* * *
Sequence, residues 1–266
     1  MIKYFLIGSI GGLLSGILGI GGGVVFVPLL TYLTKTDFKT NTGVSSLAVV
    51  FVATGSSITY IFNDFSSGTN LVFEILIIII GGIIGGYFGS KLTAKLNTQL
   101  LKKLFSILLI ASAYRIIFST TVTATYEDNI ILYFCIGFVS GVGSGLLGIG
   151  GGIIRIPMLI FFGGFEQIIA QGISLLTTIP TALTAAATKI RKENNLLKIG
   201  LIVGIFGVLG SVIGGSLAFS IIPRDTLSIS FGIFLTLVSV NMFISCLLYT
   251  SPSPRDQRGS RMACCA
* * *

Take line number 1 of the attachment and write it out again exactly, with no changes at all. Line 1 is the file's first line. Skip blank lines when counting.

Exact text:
Sequence, residues 1–266